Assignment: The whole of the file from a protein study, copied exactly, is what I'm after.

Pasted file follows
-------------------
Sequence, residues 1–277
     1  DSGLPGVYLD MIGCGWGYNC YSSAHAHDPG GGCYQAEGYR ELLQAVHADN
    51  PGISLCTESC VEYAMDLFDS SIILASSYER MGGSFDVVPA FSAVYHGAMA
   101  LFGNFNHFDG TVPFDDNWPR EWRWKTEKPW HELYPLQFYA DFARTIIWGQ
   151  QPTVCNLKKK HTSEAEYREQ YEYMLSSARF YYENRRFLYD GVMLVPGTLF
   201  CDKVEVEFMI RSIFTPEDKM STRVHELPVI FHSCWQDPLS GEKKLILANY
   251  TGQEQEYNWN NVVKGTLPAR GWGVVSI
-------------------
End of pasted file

Sequence, residues 1–277
     1  DSGLPGVYLD MIGCGWGYNC YSSAHAHDPG GGCYQAEGYR ELLQAVHADN
    51  PGISLCTESC VEYAMDLFDS SIILASSYER MGGSFDVVPA FSAVYHGAMA
   101  LFGNFNHFDG TVPFDDNWPR EWRWKTEKPW HELYPLQFYA DFARTIIWGQ
   151  QPTVCNLKKK HTSEAEYREQ YEYMLSSARF YYENRRFLYD GVMLVPGTLF
   201  CDKVEVEFMI RSIFTPEDKM STRVHELPVI FHSCWQDPLS GEKKLILANY
   251  TGQEQEYNWN NVVKGTLPAR GWGVVSI